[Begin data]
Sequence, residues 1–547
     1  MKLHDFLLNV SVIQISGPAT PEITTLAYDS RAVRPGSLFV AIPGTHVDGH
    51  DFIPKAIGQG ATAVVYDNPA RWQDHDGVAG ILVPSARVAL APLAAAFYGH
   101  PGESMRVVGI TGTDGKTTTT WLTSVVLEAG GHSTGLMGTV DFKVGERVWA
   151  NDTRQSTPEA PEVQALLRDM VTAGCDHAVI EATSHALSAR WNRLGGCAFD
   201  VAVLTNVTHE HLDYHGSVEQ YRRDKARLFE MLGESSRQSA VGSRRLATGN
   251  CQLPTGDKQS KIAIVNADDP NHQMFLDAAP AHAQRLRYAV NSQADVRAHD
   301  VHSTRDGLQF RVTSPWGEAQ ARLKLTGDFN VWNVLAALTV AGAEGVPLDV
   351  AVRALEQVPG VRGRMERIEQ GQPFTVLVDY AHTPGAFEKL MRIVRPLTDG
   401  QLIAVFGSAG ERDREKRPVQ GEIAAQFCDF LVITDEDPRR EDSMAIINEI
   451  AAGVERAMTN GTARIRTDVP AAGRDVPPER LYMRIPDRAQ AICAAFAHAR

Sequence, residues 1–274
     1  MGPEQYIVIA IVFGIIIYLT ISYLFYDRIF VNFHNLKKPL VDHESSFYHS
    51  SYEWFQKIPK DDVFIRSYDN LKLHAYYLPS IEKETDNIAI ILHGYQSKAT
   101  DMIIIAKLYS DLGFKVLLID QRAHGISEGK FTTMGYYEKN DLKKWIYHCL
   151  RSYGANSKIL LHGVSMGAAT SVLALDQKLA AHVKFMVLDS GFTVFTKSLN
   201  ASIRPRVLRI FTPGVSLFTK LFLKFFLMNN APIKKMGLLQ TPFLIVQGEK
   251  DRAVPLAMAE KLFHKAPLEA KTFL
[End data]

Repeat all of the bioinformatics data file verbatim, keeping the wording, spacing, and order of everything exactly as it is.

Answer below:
Sequence, residues 1–547
     1  MKLHDFLLNV SVIQISGPAT PEITTLAYDS RAVRPGSLFV AIPGTHVDGH
    51  DFIPKAIGQG ATAVVYDNPA RWQDHDGVAG ILVPSARVAL APLAAAFYGH
   101  PGESMRVVGI TGTDGKTTTT WLTSVVLEAG GHSTGLMGTV DFKVGERVWA
   151  NDTRQSTPEA PEVQALLRDM VTAGCDHAVI EATSHALSAR WNRLGGCAFD
   201  VAVLTNVTHE HLDYHGSVEQ YRRDKARLFE MLGESSRQSA VGSRRLATGN
   251  CQLPTGDKQS KIAIVNADDP NHQMFLDAAP AHAQRLRYAV NSQADVRAHD
   301  VHSTRDGLQF RVTSPWGEAQ ARLKLTGDFN VWNVLAALTV AGAEGVPLDV
   351  AVRALEQVPG VRGRMERIEQ GQPFTVLVDY AHTPGAFEKL MRIVRPLTDG
   401  QLIAVFGSAG ERDREKRPVQ GEIAAQFCDF LVITDEDPRR EDSMAIINEI
   451  AAGVERAMTN GTARIRTDVP AAGRDVPPER LYMRIPDRAQ AICAAFAHAR

Sequence, residues 1–274
     1  MGPEQYIVIA IVFGIIIYLT ISYLFYDRIF VNFHNLKKPL VDHESSFYHS
    51  SYEWFQKIPK DDVFIRSYDN LKLHAYYLPS IEKETDNIAI ILHGYQSKAT
   101  DMIIIAKLYS DLGFKVLLID QRAHGISEGK FTTMGYYEKN DLKKWIYHCL
   151  RSYGANSKIL LHGVSMGAAT SVLALDQKLA AHVKFMVLDS GFTVFTKSLN
   201  ASIRPRVLRI FTPGVSLFTK LFLKFFLMNN APIKKMGLLQ TPFLIVQGEK
   251  DRAVPLAMAE KLFHKAPLEA KTFL